What you really need to stock up on during pandemic
Reports are circulating that up to 70 per cent of the Australian population could be infected with the coronavirus COVID-19.
It's true; a high percentage of us will be infected and an even higher percentage will be exposed to it over the coming months.
But with a vaccine said to be some 18 months away, what can we do to protect ourselves and our loved ones from this virus? In short, the answer lies in nutrition.
Hand washing, improving hygiene, mask-wearing and thorough washing of fruit and vegetables are all effective measures of slowing the spread of viral outbreaks.
However, they fail to address the most important defence mechanism we humans have - our immune systems.
WHAT IS A VIRUS?
When a virus enters the human body, it does so encased within a capsid (a protein shell) in which a virus exists. For a virus to infect the human body, it must first escape this capsid.
Enter the immune system. When a virus first enters the body - in the form as a capsid - it triggers the immune system, which deploys white blood cells and antibodies.
The immune system's mission is to ensure the virus remains safely inside the capsid before being escorted out of the body.
A weak immune system is defined by a low white blood cell count and will have difficulty in producing the white blood cells needed to escort the capsid out of the body. This is why COVID-19 - like all viruses - affects the elderly and those with pre-existing health conditions, to a greater extent than others.
In old age and sickness, our immune system is weak.
WHAT CAN YOU DO?
Combating coronavirus is really a matter of strengthening the immune system and the best way to strengthen the immune system is to improve nutrition.
People of all ages and health conditions will feel the benefits of improved nutrition in the face of the current coronavirus COVID-19 pandemic.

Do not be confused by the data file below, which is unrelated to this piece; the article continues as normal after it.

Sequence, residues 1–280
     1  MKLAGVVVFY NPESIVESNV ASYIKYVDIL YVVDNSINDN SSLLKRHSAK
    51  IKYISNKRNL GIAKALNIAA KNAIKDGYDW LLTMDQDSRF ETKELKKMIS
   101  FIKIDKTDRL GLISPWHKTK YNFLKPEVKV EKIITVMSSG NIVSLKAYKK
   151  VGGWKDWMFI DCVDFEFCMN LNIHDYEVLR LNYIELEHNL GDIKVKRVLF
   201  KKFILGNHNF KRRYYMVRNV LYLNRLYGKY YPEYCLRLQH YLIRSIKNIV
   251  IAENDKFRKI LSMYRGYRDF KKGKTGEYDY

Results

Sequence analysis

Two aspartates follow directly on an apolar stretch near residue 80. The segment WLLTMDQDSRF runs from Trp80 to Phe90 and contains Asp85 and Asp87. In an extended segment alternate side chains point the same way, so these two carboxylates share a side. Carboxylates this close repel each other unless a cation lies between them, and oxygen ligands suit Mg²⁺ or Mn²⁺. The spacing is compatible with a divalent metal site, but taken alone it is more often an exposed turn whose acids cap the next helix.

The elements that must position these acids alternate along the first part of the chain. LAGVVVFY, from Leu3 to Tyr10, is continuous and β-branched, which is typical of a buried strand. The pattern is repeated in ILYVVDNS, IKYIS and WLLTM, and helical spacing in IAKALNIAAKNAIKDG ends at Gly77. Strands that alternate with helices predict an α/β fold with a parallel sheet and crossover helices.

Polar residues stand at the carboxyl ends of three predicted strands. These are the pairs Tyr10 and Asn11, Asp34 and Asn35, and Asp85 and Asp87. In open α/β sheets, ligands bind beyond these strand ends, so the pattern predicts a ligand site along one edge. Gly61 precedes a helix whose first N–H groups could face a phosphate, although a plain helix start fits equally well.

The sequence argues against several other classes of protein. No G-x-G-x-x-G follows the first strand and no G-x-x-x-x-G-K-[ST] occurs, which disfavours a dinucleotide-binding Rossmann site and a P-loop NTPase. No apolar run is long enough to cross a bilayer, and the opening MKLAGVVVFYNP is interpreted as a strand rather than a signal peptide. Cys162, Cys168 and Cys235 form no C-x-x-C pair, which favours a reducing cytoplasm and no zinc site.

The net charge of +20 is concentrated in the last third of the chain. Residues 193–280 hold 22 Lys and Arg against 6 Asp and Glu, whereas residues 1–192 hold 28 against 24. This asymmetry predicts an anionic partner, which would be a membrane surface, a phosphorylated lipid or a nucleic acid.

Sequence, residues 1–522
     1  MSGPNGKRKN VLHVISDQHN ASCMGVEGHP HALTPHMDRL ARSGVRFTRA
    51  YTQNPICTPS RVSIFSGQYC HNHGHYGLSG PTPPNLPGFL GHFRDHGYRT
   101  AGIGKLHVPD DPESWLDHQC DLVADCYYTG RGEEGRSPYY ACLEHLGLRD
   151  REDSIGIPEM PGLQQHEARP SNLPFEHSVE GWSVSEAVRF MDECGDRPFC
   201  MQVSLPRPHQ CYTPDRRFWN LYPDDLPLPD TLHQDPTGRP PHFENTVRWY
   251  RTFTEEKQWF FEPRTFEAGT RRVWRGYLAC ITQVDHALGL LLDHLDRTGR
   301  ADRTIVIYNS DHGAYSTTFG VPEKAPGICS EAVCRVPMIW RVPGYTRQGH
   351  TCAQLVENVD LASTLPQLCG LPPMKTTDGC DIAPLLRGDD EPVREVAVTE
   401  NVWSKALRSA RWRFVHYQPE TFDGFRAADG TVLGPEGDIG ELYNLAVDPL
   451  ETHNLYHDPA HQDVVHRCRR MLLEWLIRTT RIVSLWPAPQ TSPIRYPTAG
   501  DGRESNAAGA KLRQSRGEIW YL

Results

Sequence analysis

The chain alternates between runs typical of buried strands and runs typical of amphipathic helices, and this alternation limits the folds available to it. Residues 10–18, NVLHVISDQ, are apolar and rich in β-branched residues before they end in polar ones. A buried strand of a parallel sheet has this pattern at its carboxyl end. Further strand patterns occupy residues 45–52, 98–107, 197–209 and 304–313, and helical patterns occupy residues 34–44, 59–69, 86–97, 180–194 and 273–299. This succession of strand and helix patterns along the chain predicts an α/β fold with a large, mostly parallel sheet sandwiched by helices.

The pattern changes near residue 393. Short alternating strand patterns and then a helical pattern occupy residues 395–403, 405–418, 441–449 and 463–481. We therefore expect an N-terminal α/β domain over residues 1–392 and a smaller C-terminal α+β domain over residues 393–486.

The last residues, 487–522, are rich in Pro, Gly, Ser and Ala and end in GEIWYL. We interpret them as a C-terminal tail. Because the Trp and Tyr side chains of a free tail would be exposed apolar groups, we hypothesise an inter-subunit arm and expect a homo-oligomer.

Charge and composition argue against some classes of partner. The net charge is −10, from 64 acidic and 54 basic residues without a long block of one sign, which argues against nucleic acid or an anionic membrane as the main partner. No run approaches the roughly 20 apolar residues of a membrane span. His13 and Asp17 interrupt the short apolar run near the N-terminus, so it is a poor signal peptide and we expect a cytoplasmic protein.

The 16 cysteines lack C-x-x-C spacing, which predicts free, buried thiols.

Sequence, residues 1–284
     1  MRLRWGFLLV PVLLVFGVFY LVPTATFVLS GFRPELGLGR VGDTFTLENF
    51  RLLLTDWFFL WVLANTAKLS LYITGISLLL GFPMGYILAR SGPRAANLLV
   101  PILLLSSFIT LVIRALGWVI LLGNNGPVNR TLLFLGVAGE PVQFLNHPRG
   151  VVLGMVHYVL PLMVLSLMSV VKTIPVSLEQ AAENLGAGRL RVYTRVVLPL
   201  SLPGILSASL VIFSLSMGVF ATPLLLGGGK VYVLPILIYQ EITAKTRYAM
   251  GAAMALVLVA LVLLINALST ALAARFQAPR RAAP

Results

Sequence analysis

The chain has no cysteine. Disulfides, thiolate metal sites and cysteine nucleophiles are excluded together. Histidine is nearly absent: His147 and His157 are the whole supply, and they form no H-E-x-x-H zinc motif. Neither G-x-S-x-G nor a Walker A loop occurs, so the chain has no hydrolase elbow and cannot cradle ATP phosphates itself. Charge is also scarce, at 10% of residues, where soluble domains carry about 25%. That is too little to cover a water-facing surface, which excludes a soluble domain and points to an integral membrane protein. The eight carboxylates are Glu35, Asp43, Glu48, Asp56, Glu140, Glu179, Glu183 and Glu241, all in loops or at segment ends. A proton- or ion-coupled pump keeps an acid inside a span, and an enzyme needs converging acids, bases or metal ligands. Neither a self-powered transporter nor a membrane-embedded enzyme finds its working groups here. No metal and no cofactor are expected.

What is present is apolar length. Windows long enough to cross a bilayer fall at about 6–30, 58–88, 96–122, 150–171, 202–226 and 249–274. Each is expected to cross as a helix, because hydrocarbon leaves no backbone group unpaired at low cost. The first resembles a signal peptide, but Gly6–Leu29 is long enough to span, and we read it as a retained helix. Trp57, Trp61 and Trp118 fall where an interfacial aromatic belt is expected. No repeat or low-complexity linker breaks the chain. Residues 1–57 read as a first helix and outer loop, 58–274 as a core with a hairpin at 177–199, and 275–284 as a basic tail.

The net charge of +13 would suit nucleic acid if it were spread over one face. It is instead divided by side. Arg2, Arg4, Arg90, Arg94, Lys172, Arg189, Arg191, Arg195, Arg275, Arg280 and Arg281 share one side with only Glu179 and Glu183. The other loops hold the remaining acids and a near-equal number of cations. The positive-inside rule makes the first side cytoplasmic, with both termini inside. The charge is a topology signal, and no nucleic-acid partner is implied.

At Nutrition Diagnostics, we suggest an uptake of protein, glutathione and vitamin C to boost immunity.
These can be derived from the following foods and also from supplements:
Beef/Veal: Beef is high in protein. Protein aids in the production of white blood cells and lymphocytes - meaning an uptake in protein is particularly beneficial when trying to defend against viruses. Over our 30 years in nutritional consulting, we have found those with a low protein status are often predisposed to a number of health conditions.
Lamb: Lamb is high in protein, but also a great source of glutathione. Glutathione is an antioxidant. One of its most important functions is to maintain the integrity of the viral capsid ensuring the virus does not penetrate the cell and infect the body. For this reason, we suggest an uptake in glutathione during viral outbreaks.
Eggs: Eggs are high in protein and glutathione. Eggs are great for breakfast, so we suggest you start your day with a hearty serve cooked to your liking.
Asparagus and avocado: Asparagus and avocados are high in glutathione and are beneficial in the defence against viruses. There doesn't seem to be a more iconic duo than avocado and eggs, so we suggest enjoying avocado for breakfast alongside your eggs. Asparagus, on the other hand, is an excellent side for steak and can be easily fried in the same pan for convenience sake.
Onion and garlic: Aside from adding flavour to our meals, onion and garlic are also rich in sulphur. Sulphur is crucial for detoxification and the synthesis of glutathione.
Vitamin C: vitamin C's primary function is to encourage the production of white blood cells, which is the immune systems primary defence mechanism against viruses. Low levels of vitamin C - especially in the instance of virus - tend to be linked to poor health outcomes. Vitamin C can be obtained from food however, in times that require a significant uptake, we suggest supplementation.
Owen Davis, 34, is the senior nutritionist and manager at Nutrition Diagnostics in Redcliffe. Owen studied food science and nutrition in 2003 at the University of Queensland and later graduated with a Bachelor of Health Science and Nutrition from Endeavour College.
Nutrition Diagnostics, 28 Anzac Ave, Redcliffe